• Hart Crane, Collected Poems
  • E. E. Cummings, EIMI
  • Horace Gregory, No Retreat
  • Edgar A. Guest, Life's Highway
  • Robert Hillyer, Collected Verse
  • Robinson Jeffers, Give Your Heart to the Hawks
  • Archibald MacLeish:
  • Frescos for Mr. Rockefeller's City
  • Poems
  • Ogden Nash, Happy Days
  • Lizette Woodworth Reese, Pastures
  • Edwin Arlington Robinson, Talifer
  • Sara Teasdale, Strange Victory
  • George Oppen, Discrete Series, published by the Objectivist Press
  • Ezra Pound, editor, Active Anthology, London; American poet published in the United Kingdom
  • Charles Reznikoff, Jerusalem the Golden and In Memoriam: 1933 published by the Objectivist Press
  • William Carlos Williams, Collected Poems, Objectivist Press
  • Twentieth Century Poetry, an Anthology

    These poets were chosen by Harold Monro for the 1933 edition:

    Other in English

  • Kenneth Slessor, Australia:
  • Darlinghurst Nights: and Morning Glories: Being 47 Strange Sights, Sydney
  • Funny Farmyard: Nursery Rhymes and Painting Book, with drawings by Sydney Miller, Sydney: Frank Johnson
  • Allen Curnow, Valley of Decision (R.W. Lowry), New Zealand
  • William Butler Yeats, The Winding Stair and Other Poems, Irish poet published in the United Kingdom
  • France

  • Robert Desnos, Complainte de Fantomas, written for radio
  • Jean Follain, La Main chaude, the author's first book of poems
  • Pierre Jean Jouve, Sueurs de sang
  • Henri Michaux, Un Barbare en Asie
  • Marcelin Pleynet, French poet and art critic
  • Patrice de La Tour du Pin, La Quête de Joie
  • Raymond Queneau, Le Chiendent, a "novel-poem" which won the 1933 Prix des Deux-Magots
  • Indian subcontinent

    Including all of the British colonies that later became India, Pakistan, Bangladesh, Sri Lanka and Nepal. Listed alphabetically by first name, regardless of surname:

  • Anandra Chandra Barua:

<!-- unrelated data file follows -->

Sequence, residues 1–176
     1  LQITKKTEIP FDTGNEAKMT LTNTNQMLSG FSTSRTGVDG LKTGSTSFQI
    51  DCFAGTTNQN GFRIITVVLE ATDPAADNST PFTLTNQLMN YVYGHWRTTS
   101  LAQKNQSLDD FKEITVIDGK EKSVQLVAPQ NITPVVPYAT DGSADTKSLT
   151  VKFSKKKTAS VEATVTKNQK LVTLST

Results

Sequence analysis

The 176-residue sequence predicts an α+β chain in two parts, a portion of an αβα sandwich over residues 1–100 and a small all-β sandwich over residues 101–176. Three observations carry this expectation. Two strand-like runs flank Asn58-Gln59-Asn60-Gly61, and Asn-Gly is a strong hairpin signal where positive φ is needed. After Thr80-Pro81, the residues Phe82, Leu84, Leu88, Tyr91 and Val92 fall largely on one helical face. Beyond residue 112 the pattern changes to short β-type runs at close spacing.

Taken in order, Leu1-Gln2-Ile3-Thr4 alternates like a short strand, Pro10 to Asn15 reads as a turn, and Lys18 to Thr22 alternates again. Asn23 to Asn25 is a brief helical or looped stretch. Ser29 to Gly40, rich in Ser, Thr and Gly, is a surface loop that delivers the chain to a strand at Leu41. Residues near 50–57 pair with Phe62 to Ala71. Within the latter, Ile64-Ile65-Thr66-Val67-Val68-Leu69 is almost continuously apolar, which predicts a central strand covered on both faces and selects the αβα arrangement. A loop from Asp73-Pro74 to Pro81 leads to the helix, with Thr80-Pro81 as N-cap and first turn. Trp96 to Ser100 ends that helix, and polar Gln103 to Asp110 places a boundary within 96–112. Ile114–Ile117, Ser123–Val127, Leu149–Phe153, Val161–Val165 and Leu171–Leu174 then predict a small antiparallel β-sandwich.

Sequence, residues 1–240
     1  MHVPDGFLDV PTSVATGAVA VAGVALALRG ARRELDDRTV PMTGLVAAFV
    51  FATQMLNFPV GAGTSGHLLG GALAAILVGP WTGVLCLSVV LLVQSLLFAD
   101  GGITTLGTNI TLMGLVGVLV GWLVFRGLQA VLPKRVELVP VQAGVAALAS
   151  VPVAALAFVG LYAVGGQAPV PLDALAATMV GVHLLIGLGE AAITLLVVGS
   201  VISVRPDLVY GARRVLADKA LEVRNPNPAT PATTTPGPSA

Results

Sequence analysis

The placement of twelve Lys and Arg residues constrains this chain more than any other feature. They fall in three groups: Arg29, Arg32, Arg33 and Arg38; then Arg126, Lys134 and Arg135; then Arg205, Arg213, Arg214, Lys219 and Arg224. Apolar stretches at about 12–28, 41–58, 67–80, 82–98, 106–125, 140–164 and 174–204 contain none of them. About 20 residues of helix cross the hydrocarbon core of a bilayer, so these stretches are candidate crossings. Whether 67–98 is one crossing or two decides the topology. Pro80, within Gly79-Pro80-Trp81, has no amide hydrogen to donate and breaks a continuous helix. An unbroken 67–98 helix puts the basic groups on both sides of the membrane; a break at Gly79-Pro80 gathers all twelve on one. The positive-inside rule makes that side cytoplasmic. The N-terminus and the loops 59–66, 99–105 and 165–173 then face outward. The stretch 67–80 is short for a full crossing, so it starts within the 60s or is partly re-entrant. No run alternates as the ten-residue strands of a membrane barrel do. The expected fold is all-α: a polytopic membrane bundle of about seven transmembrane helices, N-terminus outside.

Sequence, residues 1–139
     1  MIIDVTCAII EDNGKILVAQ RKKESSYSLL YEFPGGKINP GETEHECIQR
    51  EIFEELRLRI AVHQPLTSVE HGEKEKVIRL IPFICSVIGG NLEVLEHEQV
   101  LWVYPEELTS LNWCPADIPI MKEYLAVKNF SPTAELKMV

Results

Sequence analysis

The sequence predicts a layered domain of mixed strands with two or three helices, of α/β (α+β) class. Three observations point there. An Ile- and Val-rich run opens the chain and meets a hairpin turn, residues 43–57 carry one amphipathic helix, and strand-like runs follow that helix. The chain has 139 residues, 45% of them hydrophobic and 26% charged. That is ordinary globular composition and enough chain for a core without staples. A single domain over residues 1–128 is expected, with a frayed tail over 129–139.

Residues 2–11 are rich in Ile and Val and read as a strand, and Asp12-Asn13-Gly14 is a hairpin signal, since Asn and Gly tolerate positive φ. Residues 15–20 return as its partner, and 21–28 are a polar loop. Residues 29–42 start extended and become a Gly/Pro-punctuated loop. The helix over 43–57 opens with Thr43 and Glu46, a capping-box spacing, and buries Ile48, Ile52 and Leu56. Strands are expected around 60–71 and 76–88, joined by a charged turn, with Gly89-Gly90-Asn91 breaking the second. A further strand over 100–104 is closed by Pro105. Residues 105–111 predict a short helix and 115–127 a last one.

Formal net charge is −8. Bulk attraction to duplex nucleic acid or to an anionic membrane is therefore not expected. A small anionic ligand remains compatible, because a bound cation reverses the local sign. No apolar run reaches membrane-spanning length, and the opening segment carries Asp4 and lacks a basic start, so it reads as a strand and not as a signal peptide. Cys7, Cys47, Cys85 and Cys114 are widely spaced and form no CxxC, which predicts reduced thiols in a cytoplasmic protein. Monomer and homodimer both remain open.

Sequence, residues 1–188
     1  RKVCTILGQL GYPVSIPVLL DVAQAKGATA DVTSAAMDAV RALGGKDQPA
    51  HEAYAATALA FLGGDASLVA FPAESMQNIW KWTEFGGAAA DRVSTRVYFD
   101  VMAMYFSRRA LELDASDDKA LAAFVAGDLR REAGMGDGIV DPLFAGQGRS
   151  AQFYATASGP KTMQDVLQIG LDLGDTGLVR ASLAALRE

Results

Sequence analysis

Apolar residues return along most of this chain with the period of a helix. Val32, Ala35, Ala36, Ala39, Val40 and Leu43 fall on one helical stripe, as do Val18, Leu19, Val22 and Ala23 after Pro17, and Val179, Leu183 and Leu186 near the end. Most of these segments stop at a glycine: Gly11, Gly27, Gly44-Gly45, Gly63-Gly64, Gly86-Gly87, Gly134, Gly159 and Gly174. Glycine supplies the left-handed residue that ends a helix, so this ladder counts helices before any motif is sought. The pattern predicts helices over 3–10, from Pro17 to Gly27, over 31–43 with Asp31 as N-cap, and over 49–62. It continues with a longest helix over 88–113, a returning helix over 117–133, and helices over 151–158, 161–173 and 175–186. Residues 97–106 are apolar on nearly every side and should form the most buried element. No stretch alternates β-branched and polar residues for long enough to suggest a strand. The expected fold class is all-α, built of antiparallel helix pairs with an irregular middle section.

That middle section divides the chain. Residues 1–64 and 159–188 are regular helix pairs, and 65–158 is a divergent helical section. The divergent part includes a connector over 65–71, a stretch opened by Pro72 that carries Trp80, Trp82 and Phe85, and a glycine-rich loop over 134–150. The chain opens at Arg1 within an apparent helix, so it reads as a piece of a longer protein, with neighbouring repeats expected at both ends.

• Parag, Assamese
  • translator, Haphejar Sur, poems by the Persian poet Havij into Assamese
  • G. Sankara Kurup, Surykanti, Malayalam, including poems on mystic experiences and platonic love, written in a style strongly influenced by Rabindranath Tagore and Persian poets
  • Ghulam Ahmad Fazil Kashmiri, Tarana-e-Fazil, Kashmiri
  • Mahavira Prasad Dvivedi Abhinandran Granth, by several authors; an early Hindi example of festschrift honoring an influential editor and arbiter of taste and usage
  • Mu. Raghava Ayyankar, Nallicaippulamai Mellryalarkal, largely based on literary sources, an essay on the women poets of the Sangam Age of Tamil literature
  • Puttaparthi Narayanacharyulu, Penukonda Lakshmi, said to have been written in 1926 when the author was 12 years old; the poem describes Penukonda, Anantapur, a small town that was once capital of the Vijayanagar empire; Telugu
  • Shripada Shastri Hauskar, Sri Sikhaguru-caritamrta, Sanskrit poem on the Sikh gurus
  • Sundaram, writing in Gujarati:
  • Bhagatni Kadvi Vani
  • Kavyamangala
  • V. Venkatarajuly Reddiyar, Paranar, a study of Paranar's poems and their relationship to the Sangam Age; Tamil
  • Spanish language

  • Pedro Salinas, La voz a ti debida ("The Voice Owed to You"); Spain
  • Emilio Vasquez, Altipampa, Peru